Surgical operations in the future
– Information Rich
To create a support platform for intelligent surgeries, we are working to combine artificial intelligence (AI) and information and communication technology (ICT) to support surgeons' visual and cognitive processes with information that is presented with perfect timing and optimal efficiency during operations.
Caution: Images of laparoscopic and robotic surgeries appear hereafter. Some people may find it difficult to view images of actual surgeries, so please use your own judgment about proceeding.
The focus of healthcare services is shifting from quantity to value, meaning healthcare that maximizes the value for patients. For example, in the case of surgery, safety is a universally sought value, and in some cases patients might place a higher value on reduced complications or avoiding further surgeries. If such goals are achieved, patients can look forward to fewer days of post-surgical hospitalization.
So far, university institutes and medical device manufacturers have focused their innovation on developing safer, more efficient surgeries. Such innovations achieved in the past few decades can be divided into three stages. The first stage was the development of laparoscopic surgery, which replaced conventional open surgery with the insertion of various instruments, including endoscopes, forceps and energy devices, through small holes made in the patient's abdomen. The procedure is considered to be minimally invasive because it places less burden on the patient than open abdominal surgery.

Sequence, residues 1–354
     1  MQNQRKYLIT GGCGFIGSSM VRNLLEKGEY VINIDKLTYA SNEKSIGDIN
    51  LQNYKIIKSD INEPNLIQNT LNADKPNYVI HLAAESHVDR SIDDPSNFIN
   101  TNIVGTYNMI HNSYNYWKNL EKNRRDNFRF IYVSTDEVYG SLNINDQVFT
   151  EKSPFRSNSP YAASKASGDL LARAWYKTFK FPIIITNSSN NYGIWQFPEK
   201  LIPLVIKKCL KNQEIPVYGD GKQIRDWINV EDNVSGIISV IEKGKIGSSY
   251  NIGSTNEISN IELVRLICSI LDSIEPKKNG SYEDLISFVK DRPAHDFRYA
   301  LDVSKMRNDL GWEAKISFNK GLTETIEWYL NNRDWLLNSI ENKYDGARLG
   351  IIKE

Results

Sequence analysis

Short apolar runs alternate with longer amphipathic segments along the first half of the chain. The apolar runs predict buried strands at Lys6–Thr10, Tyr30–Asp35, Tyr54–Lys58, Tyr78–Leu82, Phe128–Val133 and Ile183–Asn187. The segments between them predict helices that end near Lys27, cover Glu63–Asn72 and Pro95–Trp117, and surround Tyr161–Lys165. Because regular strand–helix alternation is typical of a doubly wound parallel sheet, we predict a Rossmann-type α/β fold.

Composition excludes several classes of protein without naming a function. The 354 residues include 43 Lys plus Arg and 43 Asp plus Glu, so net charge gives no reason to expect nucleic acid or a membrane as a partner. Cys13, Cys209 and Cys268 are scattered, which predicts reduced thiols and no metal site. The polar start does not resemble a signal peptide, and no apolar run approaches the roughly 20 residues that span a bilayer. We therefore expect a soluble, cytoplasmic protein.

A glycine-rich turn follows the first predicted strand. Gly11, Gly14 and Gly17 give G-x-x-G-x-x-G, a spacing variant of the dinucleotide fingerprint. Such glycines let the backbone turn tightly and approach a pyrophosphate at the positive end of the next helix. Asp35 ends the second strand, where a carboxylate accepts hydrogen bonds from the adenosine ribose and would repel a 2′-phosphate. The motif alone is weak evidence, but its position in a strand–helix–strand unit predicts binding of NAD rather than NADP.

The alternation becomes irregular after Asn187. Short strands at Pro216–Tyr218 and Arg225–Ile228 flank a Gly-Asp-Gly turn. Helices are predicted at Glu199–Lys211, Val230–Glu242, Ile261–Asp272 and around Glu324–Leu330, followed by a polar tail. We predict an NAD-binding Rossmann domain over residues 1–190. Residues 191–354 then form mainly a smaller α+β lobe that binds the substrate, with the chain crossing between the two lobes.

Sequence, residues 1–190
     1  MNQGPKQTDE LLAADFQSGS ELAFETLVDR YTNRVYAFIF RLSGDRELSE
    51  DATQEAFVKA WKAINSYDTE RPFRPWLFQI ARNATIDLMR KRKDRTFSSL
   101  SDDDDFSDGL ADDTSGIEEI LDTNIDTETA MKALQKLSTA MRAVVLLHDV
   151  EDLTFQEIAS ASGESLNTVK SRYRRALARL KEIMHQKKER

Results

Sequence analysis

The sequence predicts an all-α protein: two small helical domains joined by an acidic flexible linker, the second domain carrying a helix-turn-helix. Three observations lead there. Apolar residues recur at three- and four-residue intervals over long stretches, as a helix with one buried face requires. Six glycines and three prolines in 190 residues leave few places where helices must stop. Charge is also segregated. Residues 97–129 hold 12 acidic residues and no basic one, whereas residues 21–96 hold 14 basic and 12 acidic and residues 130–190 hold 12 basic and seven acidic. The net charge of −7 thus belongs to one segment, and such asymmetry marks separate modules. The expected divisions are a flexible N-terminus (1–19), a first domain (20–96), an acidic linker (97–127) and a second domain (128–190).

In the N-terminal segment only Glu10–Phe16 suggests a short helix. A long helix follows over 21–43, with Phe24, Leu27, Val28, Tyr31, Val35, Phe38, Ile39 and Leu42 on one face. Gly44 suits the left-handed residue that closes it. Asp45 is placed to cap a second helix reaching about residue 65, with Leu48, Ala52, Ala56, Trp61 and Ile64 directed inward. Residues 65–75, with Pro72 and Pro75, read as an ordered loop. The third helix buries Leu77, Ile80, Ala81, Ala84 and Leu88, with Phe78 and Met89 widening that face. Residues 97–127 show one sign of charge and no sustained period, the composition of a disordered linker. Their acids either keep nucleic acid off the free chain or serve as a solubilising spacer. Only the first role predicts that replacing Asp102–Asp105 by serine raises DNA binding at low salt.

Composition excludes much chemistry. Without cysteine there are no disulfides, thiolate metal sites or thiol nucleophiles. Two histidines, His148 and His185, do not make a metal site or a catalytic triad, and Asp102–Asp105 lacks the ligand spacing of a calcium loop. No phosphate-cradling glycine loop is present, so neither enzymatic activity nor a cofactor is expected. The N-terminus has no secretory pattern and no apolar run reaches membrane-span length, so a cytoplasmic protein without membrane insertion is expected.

The second stage of innovation was the introduction of new devices and procedures in response to first-stage innovations. Endoscopes serving as the eyes of the surgeon transitioned from high definition to 4K. Three-dimensional observation systems enhanced device orientation awareness and infrared fluorescence imaging enabled the enhanced observation of dynamic changes in lymph nodes and blood flow. In addition, great advances were made with treatment instruments, known as energy devices, which serve like extensions of the surgeon's hands, allowing opposing actions to be performed simultaneously, such as making a fast incision and quickly sealing it at the same time to prevent bleeding.
The third stage of innovation introduced advances in system integration and the operation of multiple devices from universal controller. It is anticipating to contribute to more efficient surgical teamwork and the elimination of human errors. In addition, advances in robotic assisted surgery led to dedicated consoles for operating manipulators equipped with articulating arms on their tips. Device control became so precise that it surpassed the accuracy of surgeons manipulating forceps and energy devices with their own hands.
Despite such advances, however, the goal of true surgical innovation has not been fully achieved. Looking to the future, the next essential innovation can be summed up with a concept we call Information Rich. This is a new world of surgery that will be realized through the combination of ICT and AI. Read on to see exactly what this means.